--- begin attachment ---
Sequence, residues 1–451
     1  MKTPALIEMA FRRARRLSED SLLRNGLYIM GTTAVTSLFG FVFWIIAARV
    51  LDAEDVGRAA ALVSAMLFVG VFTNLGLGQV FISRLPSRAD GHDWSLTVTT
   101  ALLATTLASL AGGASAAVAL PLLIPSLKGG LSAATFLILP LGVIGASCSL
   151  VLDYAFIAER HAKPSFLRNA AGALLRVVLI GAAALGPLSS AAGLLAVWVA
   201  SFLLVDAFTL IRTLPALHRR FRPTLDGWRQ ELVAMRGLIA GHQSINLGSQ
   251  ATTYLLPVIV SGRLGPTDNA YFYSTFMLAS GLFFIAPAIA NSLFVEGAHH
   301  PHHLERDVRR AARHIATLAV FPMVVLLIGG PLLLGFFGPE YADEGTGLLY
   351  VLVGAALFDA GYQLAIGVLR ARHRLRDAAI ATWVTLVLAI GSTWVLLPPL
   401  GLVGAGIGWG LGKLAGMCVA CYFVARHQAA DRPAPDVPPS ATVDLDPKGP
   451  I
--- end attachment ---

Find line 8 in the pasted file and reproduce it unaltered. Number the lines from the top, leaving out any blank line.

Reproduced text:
   301  PHHLERDVRR AARHIATLAV FPMVVLLIGG PLLLGFFGPE YADEGTGLLY